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Socialism in Africa and African Socialism

At independence, socialism was very appealing, but African socialism soon failed, and the turn to Marxist socialism in the 1970s fared little better.

An “infernal Scheme” in Natick?

British officers and royal officials weren’t the only folks fearing a treacherous plot by their enemies as the Revolutionary War began. The provincials outside of Boston had plenty of suspicions as well.The 3 Mar 1775 Connecticut Gazette,...Show More Summary

Sicily goes to London

The British Museum has opened a new exhibition, Sicily: Culture and Conquest, which brings together more than 200 artifacts from 4,000 years of Sicilian history, many of which have never been to the UK before. The exhibition focuses on two time periods when Sicily was at the forefront of art and culture: when it settled [...]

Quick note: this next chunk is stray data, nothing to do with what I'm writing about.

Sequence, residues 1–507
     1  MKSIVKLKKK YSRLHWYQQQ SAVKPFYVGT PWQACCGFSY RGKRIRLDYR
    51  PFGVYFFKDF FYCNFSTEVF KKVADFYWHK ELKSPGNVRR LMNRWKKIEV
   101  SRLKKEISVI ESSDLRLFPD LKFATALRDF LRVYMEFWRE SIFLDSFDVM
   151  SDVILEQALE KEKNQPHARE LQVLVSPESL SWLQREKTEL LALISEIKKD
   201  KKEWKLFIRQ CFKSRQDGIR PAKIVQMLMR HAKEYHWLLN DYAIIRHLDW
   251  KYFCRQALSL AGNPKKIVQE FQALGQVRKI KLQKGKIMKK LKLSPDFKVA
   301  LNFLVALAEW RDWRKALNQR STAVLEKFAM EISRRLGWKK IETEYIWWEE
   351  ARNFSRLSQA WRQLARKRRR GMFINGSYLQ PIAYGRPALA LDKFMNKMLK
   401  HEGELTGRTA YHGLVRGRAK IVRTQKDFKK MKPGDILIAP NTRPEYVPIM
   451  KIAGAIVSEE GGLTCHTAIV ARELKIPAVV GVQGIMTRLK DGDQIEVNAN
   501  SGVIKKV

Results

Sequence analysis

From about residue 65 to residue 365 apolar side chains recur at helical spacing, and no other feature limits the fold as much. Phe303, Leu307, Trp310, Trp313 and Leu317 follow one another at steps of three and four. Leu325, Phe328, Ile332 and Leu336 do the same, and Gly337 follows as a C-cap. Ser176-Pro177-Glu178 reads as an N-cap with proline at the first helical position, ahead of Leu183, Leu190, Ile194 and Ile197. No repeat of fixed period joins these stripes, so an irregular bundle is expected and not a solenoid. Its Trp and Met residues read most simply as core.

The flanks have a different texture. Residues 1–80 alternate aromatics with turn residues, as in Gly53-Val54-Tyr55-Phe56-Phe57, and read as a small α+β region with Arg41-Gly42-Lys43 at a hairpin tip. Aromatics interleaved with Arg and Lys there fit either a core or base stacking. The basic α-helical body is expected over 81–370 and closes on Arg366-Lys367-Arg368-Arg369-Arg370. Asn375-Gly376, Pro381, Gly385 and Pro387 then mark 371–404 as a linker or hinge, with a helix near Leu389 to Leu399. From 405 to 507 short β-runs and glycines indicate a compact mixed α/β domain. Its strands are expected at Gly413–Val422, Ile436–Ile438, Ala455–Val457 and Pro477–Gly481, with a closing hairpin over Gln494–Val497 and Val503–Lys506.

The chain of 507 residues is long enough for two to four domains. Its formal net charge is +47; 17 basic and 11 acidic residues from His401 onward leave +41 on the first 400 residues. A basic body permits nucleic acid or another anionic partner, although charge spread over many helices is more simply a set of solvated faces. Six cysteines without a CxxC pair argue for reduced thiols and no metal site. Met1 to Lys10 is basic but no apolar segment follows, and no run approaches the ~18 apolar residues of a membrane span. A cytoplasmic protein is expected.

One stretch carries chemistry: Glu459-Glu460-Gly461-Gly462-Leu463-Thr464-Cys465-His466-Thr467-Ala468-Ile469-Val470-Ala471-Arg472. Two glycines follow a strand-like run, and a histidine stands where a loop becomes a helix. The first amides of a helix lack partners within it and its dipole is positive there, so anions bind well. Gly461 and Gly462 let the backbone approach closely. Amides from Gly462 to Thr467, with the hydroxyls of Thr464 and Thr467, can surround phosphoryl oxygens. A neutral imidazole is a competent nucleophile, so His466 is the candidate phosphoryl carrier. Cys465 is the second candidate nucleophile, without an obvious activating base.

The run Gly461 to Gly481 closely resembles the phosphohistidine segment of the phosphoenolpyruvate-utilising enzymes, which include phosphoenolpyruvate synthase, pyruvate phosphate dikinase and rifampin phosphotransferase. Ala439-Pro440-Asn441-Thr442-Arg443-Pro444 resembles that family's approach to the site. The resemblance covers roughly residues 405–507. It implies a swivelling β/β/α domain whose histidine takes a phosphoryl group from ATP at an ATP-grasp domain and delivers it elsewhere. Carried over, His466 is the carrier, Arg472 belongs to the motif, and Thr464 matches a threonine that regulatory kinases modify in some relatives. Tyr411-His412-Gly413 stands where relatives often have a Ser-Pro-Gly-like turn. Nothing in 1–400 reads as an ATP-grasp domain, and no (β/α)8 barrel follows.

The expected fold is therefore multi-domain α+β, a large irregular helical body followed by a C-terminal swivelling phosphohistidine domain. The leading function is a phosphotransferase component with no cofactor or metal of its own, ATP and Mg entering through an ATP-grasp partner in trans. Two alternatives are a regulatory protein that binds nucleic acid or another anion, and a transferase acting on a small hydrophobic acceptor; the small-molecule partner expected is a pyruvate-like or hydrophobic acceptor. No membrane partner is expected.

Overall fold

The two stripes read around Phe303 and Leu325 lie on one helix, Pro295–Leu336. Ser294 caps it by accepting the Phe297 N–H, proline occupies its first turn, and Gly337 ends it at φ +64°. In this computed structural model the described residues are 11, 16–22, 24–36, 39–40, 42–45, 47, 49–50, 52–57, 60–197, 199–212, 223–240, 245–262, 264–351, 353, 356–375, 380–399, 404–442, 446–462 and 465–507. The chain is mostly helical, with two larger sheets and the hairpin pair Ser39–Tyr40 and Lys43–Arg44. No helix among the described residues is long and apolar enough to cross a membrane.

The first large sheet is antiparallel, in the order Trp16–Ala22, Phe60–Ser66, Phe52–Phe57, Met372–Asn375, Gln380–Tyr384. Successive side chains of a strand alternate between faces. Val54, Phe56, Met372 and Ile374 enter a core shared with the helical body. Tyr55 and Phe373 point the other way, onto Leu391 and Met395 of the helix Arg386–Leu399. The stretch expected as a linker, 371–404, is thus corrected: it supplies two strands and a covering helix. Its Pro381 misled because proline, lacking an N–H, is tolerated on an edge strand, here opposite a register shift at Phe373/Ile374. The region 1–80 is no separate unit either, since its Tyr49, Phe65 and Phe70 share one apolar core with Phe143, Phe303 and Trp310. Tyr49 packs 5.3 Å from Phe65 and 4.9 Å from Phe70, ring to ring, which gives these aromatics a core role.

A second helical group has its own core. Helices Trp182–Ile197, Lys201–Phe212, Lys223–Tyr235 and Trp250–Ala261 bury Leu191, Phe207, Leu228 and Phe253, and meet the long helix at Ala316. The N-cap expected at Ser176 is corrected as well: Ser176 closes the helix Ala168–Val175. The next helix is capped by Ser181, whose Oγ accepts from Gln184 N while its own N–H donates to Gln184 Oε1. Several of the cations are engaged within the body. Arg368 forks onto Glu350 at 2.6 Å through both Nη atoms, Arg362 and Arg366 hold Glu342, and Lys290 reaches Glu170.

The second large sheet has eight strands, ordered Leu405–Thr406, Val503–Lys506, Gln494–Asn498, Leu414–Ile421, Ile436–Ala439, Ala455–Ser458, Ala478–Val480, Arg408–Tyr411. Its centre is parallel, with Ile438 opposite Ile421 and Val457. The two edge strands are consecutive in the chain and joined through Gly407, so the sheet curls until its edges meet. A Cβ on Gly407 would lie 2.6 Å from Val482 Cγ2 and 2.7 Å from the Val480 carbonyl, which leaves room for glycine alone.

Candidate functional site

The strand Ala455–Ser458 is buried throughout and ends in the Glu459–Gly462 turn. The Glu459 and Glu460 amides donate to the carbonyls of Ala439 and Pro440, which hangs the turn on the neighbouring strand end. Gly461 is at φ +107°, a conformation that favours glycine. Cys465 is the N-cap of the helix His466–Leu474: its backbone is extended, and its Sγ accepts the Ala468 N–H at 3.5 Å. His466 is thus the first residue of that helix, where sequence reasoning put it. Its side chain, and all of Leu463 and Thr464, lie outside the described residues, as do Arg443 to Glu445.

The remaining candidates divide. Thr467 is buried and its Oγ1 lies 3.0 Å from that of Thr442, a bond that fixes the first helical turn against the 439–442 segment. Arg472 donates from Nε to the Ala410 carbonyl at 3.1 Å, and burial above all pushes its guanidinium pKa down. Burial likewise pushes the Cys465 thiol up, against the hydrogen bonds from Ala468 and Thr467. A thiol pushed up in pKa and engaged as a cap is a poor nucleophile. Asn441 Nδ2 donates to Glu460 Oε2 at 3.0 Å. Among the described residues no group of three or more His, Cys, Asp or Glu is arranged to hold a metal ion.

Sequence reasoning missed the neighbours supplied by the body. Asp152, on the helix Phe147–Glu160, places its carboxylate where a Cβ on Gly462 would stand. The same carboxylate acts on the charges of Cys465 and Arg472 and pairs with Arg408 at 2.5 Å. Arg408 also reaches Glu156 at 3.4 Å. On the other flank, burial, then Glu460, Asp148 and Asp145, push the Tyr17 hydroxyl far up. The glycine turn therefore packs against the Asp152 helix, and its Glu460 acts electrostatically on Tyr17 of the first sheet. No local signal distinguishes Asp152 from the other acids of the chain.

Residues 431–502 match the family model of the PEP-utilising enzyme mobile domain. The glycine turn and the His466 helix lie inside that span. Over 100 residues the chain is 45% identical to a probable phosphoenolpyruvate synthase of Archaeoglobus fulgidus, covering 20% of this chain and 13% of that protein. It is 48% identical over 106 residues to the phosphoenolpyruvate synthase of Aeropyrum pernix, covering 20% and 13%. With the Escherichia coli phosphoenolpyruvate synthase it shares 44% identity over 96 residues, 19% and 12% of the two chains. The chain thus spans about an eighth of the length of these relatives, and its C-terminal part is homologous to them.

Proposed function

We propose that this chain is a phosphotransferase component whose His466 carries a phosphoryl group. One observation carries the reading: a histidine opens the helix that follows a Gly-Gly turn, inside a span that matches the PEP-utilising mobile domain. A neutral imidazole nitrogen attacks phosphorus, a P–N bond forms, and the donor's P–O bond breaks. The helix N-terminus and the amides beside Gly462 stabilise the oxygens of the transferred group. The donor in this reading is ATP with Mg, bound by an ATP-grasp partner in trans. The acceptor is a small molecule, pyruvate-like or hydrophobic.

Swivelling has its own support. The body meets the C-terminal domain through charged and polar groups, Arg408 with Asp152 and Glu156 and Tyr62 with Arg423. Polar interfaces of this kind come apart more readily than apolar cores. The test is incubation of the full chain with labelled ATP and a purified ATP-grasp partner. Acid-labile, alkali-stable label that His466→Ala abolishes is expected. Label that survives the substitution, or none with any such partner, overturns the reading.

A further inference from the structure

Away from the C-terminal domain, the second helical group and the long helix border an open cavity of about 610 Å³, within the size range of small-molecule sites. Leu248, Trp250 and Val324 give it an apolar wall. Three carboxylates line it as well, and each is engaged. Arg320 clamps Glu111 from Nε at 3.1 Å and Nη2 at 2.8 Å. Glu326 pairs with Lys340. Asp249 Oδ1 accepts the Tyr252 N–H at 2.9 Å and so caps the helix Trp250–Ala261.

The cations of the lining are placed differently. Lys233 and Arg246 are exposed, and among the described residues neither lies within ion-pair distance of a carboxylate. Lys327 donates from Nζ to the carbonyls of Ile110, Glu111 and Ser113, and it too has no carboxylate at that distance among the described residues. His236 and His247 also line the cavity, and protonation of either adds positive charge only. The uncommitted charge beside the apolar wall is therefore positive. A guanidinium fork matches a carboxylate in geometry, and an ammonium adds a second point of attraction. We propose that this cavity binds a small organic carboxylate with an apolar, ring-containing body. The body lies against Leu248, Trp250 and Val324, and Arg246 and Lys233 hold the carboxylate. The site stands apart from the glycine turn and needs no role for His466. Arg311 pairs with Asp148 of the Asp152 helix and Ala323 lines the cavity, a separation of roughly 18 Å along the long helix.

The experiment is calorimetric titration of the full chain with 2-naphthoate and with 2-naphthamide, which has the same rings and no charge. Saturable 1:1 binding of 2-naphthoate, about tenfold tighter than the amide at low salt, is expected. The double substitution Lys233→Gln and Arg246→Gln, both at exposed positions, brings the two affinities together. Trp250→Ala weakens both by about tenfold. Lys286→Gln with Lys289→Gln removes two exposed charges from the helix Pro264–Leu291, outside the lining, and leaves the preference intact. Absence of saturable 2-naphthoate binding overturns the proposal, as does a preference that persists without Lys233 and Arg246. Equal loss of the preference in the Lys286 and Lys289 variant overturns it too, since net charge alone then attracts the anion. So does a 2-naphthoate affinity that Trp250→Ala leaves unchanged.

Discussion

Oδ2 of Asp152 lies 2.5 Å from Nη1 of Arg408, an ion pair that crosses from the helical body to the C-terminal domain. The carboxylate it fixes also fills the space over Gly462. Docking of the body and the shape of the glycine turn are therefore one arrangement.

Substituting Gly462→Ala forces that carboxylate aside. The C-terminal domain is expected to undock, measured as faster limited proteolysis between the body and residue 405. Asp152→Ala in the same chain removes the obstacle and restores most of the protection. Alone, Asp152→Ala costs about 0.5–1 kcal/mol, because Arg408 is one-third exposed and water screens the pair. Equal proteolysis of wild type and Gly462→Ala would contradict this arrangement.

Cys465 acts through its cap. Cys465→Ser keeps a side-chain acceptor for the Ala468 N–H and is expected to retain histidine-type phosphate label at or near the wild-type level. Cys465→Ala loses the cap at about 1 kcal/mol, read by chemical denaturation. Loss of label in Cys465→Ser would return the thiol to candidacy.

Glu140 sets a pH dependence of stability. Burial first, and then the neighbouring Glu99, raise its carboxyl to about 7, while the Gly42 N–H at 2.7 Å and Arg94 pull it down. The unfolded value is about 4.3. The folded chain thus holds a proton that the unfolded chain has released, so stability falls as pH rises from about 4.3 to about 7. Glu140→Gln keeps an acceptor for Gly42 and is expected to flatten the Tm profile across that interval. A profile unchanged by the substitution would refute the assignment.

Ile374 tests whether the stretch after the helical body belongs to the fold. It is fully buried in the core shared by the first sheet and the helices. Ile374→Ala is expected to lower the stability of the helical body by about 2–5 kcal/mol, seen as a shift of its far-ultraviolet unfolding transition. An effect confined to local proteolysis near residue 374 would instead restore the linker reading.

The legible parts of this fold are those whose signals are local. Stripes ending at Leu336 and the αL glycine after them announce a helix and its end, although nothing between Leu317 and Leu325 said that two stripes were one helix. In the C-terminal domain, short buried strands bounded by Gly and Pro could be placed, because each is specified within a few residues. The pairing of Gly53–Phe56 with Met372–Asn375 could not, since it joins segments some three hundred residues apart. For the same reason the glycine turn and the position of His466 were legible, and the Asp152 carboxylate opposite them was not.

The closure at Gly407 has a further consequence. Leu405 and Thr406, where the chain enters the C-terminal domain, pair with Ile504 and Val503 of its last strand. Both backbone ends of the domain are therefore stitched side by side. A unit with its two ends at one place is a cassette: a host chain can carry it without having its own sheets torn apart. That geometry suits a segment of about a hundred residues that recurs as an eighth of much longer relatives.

An Attack on St. George’s Day?

On 24 Apr 1775, many British army officers planned to celebrate St. George’s Day, honoring the patron saint of England. St. George’s Day is actually 23 April, but that date fell on a Sunday that year—and that day of the week was presumably not proper for the officers’ form of celebration. Show More Summary

Amulet invoking elves and the Trinity found in Denmark

An archaeological excavation in advance of drainage work in Svendborg, a city on the island of Funen in southeastern Denmark, unearthed a medieval amulet invoking both elves and the Triune God of Christianity. It didn’t look like much at first, a small square piece of metal just two centimeters (.8 inches) long and wide, but [...]

New to the Civil War Memory Library, 04/23